how to make pickles from scratch without sugar | Family Cuisine

Making pickles from scratch without sugar is very easy. You can use either vinegar or water to make your pickling liquid, but you'll need salt and sugar to produce the proper brine. The most important step in making these homemade pick
how to make pickles from scratch without sugar | Family Cuisine

These homemade sugar free bread and butter pickles are the perfect accompaniment to a southern summer dinner of fried chicken, fresh peas, corn, and tomatoes. This tangy combination of cucumbers and onions is preserved in a spiced brine sweetened with a sugar substitute. Try them as a counterpoint to any sandwich or dice a few and toss them into your potato salad.

One of the joys of summer for me is preserving some of the abundance of fresh produce to use throughout the year. The ritual of getting out the canner, the tools, the jars, lids, and rings makes me feel so productive.

Reading: how to make pickles from scratch without sugar

I usually do several types of fruit preserves along with our Favorite Kosher Dills and Pickled Okra. The only thing I don’t like about homemade preserves and sweet pickles is the amount of sugar that most traditional recipes require.

Most fruit preserves call for as much, and sometimes even more, sugar as fruit. Typically an exact pound for pound measure. And the same with sweet pickles.

I just feel so guilty pouring all that refined white sugar over that gorgeous fresh produce! That’s why I started looking around for a bread and butter pickle recipe without all the usual sugar.

I really love bread and butter pickles with their mix of cucumbers and onions in that sweet, tangy solution. They’re one of my favorites! But my old standard recipe called for 2 ¼ cups of white sugar. Eeek!

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I could just never feel good knowing I was eating all that sugar. So when I saw this recipe from Splenda that uses their substitute I thought I’d give it a try.

Now, it doesn’t have the exact taste of a “B&B” made with sugar, but it’s really darned close. If you enjoy bread and butter pickles but want an alternative, then these sugar free bread and butter pickles might be just what you’re looking for, too.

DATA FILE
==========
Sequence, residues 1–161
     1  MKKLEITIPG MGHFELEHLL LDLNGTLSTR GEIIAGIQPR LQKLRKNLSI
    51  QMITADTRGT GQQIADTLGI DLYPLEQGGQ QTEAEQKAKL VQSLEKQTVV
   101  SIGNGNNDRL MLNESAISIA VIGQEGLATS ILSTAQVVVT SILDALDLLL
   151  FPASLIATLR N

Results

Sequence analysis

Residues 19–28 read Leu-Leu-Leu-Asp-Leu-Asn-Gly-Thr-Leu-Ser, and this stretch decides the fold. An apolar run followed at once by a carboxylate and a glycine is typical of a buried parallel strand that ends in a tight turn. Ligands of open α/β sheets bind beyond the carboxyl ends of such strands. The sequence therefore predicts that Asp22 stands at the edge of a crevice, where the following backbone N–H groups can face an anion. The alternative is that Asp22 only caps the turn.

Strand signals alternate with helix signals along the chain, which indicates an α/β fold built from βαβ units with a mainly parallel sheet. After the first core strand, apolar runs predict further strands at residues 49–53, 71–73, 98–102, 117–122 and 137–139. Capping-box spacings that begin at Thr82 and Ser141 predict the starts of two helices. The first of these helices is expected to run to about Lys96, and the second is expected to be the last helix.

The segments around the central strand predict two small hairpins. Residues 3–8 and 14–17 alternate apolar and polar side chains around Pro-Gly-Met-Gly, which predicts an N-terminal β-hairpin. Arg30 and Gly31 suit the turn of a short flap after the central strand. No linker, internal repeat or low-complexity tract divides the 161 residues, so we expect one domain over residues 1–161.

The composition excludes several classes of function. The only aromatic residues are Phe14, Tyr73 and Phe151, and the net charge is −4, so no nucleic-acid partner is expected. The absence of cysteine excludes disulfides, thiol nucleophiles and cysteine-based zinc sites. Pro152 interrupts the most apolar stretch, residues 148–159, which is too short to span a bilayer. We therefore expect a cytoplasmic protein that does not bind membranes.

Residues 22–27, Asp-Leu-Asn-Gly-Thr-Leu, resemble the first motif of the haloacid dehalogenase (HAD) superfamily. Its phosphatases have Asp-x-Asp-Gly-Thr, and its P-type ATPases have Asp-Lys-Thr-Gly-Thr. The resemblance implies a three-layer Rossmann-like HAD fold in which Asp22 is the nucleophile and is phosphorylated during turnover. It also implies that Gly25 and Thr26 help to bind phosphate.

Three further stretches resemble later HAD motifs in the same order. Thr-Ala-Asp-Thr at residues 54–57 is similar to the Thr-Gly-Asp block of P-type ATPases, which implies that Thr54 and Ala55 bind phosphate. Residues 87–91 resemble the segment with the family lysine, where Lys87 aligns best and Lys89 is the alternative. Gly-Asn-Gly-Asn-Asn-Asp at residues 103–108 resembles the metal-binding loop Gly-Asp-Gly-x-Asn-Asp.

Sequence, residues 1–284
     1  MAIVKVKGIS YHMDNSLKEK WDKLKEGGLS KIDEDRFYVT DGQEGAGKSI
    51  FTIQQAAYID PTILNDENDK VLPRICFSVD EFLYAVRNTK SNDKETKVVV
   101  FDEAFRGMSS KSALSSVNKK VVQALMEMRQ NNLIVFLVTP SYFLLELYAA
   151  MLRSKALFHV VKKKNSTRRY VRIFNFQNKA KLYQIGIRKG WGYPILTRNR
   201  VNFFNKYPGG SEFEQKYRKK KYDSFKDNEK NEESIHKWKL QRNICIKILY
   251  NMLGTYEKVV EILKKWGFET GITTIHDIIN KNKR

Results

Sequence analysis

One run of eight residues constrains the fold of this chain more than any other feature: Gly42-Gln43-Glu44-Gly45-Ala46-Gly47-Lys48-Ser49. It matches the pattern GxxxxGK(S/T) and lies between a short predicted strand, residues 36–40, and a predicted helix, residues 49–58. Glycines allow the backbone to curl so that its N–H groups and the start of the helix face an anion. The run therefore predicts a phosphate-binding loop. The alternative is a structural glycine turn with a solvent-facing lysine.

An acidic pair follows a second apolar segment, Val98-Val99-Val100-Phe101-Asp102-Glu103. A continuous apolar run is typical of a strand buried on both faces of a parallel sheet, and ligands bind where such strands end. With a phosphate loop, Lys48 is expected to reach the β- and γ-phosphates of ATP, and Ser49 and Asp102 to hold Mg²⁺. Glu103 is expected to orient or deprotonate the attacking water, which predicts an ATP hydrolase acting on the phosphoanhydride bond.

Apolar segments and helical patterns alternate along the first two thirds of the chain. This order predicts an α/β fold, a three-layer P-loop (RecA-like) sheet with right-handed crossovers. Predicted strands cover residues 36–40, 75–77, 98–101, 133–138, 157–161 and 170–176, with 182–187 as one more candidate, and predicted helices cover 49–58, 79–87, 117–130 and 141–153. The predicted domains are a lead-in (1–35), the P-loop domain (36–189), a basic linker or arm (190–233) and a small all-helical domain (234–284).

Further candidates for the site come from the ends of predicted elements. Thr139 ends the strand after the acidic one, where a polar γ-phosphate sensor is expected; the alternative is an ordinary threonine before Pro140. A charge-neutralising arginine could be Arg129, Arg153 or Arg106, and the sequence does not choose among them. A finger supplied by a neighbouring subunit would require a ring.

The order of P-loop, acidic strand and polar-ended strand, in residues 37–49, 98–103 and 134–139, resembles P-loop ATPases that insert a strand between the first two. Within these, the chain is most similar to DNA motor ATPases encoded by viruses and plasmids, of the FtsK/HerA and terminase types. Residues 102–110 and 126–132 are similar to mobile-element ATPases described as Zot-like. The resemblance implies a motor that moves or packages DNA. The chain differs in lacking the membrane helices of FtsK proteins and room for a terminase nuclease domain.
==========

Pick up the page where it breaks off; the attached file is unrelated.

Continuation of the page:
Jump to:

  • What You’ll Need to Make The Recipe
  • You’ll Also Need Some Equipment
  • How to Make Sugar Free Bread and Butter Pickles
  • Prepare the Cucumbers and Onions
  • Salt the Vegetables
  • Rinse and Drain the Vegetables
  • Prepare the Jars and Lids
  • Heat Water in the Canner
  • Make the Pickling Liquid
  • Add Cucumbers and Onions to Pickling Liquid
  • Fill and Process Jars
  • Frequently Asked Questions
  • 📖 Recipe

If you’re looking for good canning recipes that use less sugar, some great resources include the University of Georgia’s National Center for Home Food Preervation, familycuisine.net’s web site, and Healthy Canning. You’ll find really great information on all of those.

You’ll find detailed measurements, ingredients, and instructions in the printable version of the recipe at the bottom of this post.

TIP: It’s often more economical to purchase a canning set that includes all of the tools you’ll need except the canner, jars, lids, and seals.

How to Make Sugar Free Bread and Butter Pickles

I always like to show you the photos and step-by-step instructions for my recipes to help you picture how to make them in your own kitchen. If you just want to print out a copy, you can skip to the bottom of the post where you’ll find the recipe card.

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Wipe the rim of the jar with a moistened paper towel. Use a magnetic lifter to pick up a jar lid from the hot water where it was held and apply it to the top of the jar. Add a ring, tightening it only until you feel slight resistance. Do not overtighten the rings.

Set the filled jar on the rack in the canner. Continue until all jars are packed.

When all the jars are filled, lower the jars on their rack into the boiling water canner. The water in the canner should cover the tops of the jars by 1 to 2 inches. Cover the canner and bring the water up to a gentle boil.

Once the boiling point is reached, process the jars for 15 minutes. Use a jar lifter to carefully remove processed jars from the canner and place them on a clean, folded towel to cool completely. After the jars are cool, check to make sure the seals are complete. See FAQs below for how to test for a complete seal.

Store in a cool, dark place for up to one year. Refrigerate jars after opening.

You May Also Like …

  • Quick Pickled Jalapeños
  • Refrigerator Kosher Dill Pickles
  • Pickled Okra
  • Home Canned Tomatoes
  • Strawberry Jam
  • Tomato Jam

Have you tried this recipe? I’d love for you to give it a star ⭐️⭐️⭐️⭐️⭐️ rating in the recipe card and/or in the comments section further familycuisine.net can always stay in touch on social media by following me on Facebook, Instagram, or Pinterest and Sign Up to Get my Newsletter, too!

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📖 Recipe

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